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Special Issue "Sensors for Cooperative Vehicular Communications and Applications"

A special issue of Sensors (ISSN 1424-8220). This special issue belongs to the section "Sensor Networks".

Deadline for manuscript submissions: 30 September 2020.

Special Issue Editor

Prof. Dr. Paolo Bellavista
Website
Guest Editor
Department of Computer Science and Engineering (DISI), University of Bologna, 40136 Bologna, Italy
Interests: wireless sensor and actuator networks; middleware for sensor and actuator networks; vehicular sensor networks; edge computing; fog computing; online stream processing of sensing dataflows; IoT and big data processing; pervasive and mobile computing; cooperative networking; cyber physical systems for Industry 4.0
Special Issues and Collections in MDPI journals

Special Issue Information

Dear Colleagues,

The development of vehicle-to-vehicle (V2V) and vehicle-to-infrastructure (V2I) mechanisms and related technologies is accelerating the practical and industrial feasibility of vehicular ad hoc networks (VANETs) and associated applications. This is attracting significant efforts from both industry and academia, not only from the automotive and intelligent transportation systems (ITSs) communities but also from the fields of wireless and mobile sensor networks, edge computing for advanced wireless infrastructures, autonomous and quasi-autonomous cyber physical systems, and mobile collaborative applications in general. In this context, many currently ongoing national and international collaboration projects practically demonstrate relevant interest from government, industry, and academia in the field.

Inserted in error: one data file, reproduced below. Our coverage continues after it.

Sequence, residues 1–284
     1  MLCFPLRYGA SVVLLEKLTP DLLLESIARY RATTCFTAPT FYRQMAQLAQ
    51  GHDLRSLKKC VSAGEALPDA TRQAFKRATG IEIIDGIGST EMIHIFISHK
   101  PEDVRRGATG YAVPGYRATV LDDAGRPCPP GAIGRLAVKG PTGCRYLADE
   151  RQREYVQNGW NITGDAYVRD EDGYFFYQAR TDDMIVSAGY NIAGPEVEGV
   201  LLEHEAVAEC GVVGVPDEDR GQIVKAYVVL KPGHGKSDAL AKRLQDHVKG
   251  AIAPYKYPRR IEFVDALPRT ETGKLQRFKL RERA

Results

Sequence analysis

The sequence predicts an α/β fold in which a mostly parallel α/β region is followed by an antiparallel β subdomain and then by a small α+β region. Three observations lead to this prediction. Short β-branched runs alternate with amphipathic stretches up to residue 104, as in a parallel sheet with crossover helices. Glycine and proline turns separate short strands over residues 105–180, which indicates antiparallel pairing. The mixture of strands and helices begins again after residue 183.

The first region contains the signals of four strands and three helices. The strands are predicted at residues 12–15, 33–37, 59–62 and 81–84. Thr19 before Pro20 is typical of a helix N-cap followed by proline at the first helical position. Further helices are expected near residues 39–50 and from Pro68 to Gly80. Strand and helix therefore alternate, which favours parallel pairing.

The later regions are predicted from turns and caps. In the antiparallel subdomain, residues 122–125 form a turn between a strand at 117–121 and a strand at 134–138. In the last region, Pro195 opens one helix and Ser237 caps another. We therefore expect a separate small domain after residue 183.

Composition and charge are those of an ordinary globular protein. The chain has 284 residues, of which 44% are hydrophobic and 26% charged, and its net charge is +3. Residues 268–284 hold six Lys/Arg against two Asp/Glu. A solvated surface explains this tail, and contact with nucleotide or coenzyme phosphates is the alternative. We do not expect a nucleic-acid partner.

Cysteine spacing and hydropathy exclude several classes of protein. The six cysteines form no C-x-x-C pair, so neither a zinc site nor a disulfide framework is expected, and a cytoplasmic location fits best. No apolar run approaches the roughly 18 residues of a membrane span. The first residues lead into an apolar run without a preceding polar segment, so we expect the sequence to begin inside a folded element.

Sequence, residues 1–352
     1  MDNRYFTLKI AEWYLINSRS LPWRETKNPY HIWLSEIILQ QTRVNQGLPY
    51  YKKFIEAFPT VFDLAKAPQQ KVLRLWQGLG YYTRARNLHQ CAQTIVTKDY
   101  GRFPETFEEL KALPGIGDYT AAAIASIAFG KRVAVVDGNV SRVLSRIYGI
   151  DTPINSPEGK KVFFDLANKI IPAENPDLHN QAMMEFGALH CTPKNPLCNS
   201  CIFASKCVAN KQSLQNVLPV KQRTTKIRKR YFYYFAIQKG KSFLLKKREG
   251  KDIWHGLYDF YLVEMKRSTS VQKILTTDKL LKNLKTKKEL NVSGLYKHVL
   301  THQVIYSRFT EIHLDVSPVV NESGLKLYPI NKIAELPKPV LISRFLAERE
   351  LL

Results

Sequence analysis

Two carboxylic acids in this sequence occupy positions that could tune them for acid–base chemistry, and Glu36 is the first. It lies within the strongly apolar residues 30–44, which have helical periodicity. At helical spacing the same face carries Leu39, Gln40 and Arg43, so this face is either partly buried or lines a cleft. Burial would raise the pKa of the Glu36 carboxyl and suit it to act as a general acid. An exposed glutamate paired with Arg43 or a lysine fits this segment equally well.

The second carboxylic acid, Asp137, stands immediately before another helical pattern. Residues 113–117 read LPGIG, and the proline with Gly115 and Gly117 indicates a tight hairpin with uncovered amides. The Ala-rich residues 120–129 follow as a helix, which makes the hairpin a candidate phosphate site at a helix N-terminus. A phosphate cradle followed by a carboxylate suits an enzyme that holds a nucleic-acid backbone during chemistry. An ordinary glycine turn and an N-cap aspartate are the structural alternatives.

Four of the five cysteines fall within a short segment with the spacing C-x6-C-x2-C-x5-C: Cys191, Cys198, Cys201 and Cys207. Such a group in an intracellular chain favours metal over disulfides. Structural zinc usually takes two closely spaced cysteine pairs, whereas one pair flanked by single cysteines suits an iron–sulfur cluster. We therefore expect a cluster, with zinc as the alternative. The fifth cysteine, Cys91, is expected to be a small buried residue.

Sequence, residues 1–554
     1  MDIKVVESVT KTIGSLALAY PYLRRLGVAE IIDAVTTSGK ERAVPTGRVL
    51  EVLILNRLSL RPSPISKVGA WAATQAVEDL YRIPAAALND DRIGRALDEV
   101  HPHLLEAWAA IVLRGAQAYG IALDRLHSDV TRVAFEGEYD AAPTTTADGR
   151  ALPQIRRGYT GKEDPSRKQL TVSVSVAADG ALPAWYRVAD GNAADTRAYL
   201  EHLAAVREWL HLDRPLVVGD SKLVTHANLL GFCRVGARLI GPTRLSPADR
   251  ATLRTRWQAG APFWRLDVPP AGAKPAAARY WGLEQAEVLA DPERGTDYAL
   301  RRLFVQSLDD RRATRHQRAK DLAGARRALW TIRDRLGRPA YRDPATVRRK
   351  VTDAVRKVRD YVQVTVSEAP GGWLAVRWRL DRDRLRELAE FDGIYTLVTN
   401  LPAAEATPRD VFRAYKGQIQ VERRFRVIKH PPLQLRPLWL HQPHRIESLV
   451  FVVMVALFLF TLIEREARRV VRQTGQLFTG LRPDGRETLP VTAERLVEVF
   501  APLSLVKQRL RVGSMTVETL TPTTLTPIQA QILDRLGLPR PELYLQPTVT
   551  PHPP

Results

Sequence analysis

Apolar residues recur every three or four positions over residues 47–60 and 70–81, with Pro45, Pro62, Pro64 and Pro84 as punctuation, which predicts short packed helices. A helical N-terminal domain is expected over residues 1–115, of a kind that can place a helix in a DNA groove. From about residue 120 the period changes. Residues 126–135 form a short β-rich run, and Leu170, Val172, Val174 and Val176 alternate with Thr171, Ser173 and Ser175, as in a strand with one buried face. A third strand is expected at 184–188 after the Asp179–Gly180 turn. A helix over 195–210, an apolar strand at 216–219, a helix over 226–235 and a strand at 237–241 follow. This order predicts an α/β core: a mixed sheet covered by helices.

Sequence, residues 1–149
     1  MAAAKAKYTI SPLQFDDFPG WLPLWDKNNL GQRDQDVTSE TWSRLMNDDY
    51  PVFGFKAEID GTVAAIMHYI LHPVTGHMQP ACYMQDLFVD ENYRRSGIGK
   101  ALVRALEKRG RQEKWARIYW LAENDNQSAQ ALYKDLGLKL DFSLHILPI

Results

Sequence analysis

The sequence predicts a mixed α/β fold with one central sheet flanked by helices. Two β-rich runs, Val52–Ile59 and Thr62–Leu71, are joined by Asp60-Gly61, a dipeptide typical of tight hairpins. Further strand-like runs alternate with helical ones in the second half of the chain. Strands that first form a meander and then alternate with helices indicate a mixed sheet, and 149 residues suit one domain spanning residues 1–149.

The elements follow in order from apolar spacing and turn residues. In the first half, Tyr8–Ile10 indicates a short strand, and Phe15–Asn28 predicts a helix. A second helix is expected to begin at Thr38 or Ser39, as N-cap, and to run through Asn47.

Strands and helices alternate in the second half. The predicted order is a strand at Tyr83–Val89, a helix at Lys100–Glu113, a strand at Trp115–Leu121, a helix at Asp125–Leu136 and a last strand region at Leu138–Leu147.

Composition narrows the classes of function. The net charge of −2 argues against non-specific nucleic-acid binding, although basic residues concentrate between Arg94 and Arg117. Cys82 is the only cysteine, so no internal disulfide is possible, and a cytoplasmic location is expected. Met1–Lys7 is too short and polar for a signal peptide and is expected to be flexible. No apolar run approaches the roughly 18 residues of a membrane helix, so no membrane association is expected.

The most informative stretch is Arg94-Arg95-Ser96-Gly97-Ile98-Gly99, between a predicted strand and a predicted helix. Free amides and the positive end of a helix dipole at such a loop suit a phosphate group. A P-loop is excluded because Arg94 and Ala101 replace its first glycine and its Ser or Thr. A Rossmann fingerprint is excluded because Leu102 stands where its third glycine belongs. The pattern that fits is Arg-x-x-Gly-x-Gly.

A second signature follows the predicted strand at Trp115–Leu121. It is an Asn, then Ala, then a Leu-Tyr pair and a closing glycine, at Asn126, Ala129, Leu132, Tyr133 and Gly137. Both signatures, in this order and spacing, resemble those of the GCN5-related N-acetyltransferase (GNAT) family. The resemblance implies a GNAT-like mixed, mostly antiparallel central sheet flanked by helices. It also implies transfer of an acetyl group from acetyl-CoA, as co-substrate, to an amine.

In particular, vehicular sensor networks (VSNs) have become increasingly interesting and popular due to the recent advances in inter-vehicular communication technologies, to the decreasing cost of communication devices, and to emerging wireless communication mechanisms and architectures that promise almost zero-latency and almost 100%-reliability in complex and wide-scale urban scenarios (e.g., 5g edge computing). Unlike traditional wireless sensor nodes, vehicles are not typically affected by energy constraints and can easily be equipped with powerful processing units, wireless communication devices, GPS, and sensing devices, such as chemical detectors, still/video cameras, LIDARs, and vibration and acoustic sensors. Thus, they enable new and promising sensing applications, such as traffic reporting, relief to environmental monitoring, and distributed surveillance, to mention a few.

In this context, this Special Issue is willing to provide a fresh overview and an original perspective by primarily focusing on collaborative sensing and applications, where distributed vehicles interwork together in order to provide enhanced functionality and services, even in the context of stringent non-functional requirements, e.g., in terms of latency, scalability, reliability, trustfulness in open deployment environments, etc. Therefore, this Special Issue intends to disseminate the latest research results in this emergent research area, by providing a fresh snapshot of the current state-of-the-art in VANETs, collaborative VSNs, collaborative VANET-based protocols and infrastructure services, and collaborative VSN applications (including actuation operations capable of modifying the execution environment where vehicles can move). To this purpose, we are seeking high-quality papers reporting original research results and practical experiences of system design/prototyping/deployment related to topics that include but are not limited to the following:

  • Original algorithms and protocols for VSN mobile sensing;
  • Original middleware and platforms for the support of VSN systems and applications;
  • Collaborative vehicles as distributed sensors and actuators in smart cities;
  • Vehicle-oriented crowdsensing and opportunistic participation;
  • Vehicle-oriented mobile cloud computing, edge computing, and fog computing;
  • 5G and edge computing for virtualized resources with minimum latency in collaborative VSN applications;
  • Intra-vehicular monitoring and integration with legacy vehicular systems;
  • Efficient and locality-enhanced QoS support for quality sensitive VSN applications;
  • Data dissemination solutions for collaborative VSN applications;
  • Online stream processing for collaborative VSN applications;
  • Performance, scalability, reliability, and efficiency of VSN platforms, infrastructures, and applications;